Frank Grasso

The BioMimetic Approach to Studying the Control and Coordination of Behavior in Robots, Octopuses and other Marine Invertebrates

Thursday 7th June 09:00 - 10:00, G27

Soft-bodied animals such as cephalopods (Octopuses, Cuttlefishes, Squids and Nautiluses) are of considerable interests to biomechanicians, neuroscientists and roboticists because our understanding of the motor control in such systems is just in its infancy and offers the possibility of new technologies and understandings of brain function.  Their soft bodies mean that they lack the endo-skeletons of vertebrates (e.g., birds, reptiles, mammals) or the exoskeletons of arthropods (e.g., crustaceans like crabs and lobsters or insects) yet cephalopods animals, particularly octopuses are capable of both fine dexterous manipulation and forceful manipulation with the same appendages. Therefore, for roboticists, octopuses provide existence proofs that dexterous and forceful object manipulation are possible in systems lacking hard parts. For neuroscientists, interests lie in uncovering strategies that octopuses must use to make control of hyper-redundant systems manageable.  One challenge of studying such high degree of freedom systems involves the quantification of the kinematics of motor behavior. In this talk, I will discuss video methods we have developed for the quantification of fine and forceful manipulation by octopuses. I will discuss the biomimetic approach to understanding control and coordination of behavior with parallel studies in robots.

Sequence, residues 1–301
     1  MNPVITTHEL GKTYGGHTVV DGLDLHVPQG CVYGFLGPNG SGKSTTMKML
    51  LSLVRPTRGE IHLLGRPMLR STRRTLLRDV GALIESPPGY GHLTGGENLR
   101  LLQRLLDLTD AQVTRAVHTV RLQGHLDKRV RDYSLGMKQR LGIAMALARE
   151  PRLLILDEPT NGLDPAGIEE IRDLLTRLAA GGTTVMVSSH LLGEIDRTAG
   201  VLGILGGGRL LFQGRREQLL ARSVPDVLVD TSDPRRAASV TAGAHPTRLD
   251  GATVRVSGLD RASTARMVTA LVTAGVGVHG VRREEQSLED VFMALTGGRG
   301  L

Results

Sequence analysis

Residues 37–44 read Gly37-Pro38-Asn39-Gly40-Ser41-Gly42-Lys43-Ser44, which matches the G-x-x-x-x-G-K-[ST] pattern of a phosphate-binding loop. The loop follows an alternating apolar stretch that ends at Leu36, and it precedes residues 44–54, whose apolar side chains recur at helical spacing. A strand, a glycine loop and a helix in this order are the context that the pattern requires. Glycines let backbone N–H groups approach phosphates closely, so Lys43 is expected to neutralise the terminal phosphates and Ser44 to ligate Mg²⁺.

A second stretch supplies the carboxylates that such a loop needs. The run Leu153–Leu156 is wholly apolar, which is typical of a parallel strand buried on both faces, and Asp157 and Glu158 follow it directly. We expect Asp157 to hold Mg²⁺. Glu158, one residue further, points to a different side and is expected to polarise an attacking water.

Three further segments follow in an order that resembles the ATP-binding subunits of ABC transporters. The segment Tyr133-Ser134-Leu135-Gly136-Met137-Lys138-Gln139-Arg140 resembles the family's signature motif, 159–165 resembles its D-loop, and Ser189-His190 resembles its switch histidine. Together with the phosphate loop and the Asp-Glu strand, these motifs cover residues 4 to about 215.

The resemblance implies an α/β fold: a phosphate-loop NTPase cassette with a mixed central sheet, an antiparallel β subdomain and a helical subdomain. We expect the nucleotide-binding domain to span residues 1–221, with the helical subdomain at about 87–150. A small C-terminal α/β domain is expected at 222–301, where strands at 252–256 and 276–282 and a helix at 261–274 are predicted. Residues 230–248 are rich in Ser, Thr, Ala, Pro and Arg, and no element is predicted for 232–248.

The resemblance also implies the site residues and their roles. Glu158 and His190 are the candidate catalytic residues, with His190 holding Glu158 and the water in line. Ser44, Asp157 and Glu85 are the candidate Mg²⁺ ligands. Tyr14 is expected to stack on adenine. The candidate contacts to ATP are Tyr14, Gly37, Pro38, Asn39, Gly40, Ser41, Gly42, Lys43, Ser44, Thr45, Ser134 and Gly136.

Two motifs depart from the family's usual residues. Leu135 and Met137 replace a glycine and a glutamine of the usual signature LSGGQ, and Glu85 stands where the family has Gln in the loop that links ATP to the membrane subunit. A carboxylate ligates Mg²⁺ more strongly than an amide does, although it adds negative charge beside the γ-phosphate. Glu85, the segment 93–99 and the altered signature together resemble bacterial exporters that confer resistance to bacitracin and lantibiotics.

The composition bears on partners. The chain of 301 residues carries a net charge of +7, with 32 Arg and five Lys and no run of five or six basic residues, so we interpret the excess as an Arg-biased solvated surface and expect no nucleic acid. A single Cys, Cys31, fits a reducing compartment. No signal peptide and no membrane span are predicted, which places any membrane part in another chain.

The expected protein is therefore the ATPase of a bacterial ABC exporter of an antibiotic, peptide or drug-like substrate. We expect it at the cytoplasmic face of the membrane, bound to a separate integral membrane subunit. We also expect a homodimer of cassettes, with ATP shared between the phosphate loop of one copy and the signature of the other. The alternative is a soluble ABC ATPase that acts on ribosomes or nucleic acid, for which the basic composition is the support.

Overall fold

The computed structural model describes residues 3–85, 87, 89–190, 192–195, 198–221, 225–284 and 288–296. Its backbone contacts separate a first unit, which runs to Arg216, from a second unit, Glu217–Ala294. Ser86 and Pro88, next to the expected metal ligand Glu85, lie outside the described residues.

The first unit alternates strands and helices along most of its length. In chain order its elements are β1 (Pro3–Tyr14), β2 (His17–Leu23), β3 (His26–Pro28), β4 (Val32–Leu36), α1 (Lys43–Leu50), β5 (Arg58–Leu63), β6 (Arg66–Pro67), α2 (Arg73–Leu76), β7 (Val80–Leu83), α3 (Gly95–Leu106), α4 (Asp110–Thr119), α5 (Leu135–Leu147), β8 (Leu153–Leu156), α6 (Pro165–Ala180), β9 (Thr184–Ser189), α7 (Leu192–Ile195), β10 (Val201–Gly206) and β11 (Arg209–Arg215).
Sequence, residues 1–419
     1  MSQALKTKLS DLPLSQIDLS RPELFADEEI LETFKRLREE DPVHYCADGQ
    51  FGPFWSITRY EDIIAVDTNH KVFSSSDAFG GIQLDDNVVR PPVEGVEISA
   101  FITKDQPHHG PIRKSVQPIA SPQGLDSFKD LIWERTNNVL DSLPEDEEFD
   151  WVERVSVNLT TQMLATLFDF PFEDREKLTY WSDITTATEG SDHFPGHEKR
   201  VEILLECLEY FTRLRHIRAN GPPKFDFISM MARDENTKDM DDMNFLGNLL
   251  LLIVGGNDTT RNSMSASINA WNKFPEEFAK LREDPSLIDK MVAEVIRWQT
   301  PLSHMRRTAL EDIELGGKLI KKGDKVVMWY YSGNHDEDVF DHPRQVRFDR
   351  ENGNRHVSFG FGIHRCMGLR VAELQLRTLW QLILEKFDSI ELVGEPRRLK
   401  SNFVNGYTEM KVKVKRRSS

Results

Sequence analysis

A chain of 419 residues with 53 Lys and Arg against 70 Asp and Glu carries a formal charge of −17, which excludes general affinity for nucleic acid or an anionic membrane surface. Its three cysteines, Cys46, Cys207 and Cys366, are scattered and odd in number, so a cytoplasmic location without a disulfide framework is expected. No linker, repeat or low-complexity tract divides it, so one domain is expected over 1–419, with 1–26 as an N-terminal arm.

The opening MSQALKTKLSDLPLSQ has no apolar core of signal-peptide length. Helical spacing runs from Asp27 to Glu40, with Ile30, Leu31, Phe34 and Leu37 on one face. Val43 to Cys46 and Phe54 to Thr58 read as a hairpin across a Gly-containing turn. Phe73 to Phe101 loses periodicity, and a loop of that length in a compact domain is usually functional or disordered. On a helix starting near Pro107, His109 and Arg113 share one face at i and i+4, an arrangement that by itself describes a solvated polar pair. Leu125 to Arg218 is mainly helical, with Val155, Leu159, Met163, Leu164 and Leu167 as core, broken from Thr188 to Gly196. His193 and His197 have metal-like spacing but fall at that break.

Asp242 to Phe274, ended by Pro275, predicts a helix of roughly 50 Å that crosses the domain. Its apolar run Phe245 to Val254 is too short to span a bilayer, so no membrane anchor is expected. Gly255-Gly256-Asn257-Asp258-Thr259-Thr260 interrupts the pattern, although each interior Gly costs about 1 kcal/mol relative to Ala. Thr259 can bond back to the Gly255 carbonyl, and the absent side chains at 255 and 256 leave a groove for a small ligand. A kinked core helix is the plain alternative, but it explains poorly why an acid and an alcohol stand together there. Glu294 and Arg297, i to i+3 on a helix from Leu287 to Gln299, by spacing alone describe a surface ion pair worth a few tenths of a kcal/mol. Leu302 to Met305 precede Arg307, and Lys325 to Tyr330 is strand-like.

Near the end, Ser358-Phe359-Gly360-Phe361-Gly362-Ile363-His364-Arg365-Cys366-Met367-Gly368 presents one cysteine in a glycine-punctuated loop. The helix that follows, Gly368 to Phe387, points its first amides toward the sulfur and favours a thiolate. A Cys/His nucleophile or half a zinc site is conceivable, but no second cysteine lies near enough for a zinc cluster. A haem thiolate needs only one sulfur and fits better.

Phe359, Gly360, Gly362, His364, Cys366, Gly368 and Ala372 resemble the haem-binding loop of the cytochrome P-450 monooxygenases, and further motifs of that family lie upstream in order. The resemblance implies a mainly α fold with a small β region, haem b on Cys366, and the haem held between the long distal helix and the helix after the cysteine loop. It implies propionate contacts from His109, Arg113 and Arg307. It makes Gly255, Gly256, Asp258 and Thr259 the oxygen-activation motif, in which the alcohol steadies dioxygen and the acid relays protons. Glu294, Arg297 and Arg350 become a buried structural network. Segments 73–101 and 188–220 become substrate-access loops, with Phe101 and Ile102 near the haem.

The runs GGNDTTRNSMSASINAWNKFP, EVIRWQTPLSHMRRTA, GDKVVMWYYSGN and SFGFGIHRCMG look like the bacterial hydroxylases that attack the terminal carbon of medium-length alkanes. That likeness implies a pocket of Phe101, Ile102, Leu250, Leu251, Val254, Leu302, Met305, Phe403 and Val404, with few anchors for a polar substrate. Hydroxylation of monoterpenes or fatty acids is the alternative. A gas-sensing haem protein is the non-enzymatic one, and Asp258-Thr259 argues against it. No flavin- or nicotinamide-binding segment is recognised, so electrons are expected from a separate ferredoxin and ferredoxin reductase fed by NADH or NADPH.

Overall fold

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Octopus pallidus
Image from Wikipedia Commons

Professor Frank Grasso is the director of the BioMimetic and Cognitive Robotics Laboratory. He is a Professor of Psychology at Brooklyn College in the City University of New York.  The BCR lab aims to understand the control and coordination of behavior. We model animal behavior in biomimetic robot platforms that capture the key sensory and motoric aspects of the natural behavior and conduct parallel studies of the animal and the robot performance.  In our work with marine invertebrates, we test the behavior of the robots under the same conditions as we test the animals. In these studies, we use the animal behavior as a yardstick to evaluate the ability of our robot controllers to capture explanation of the animal behavior.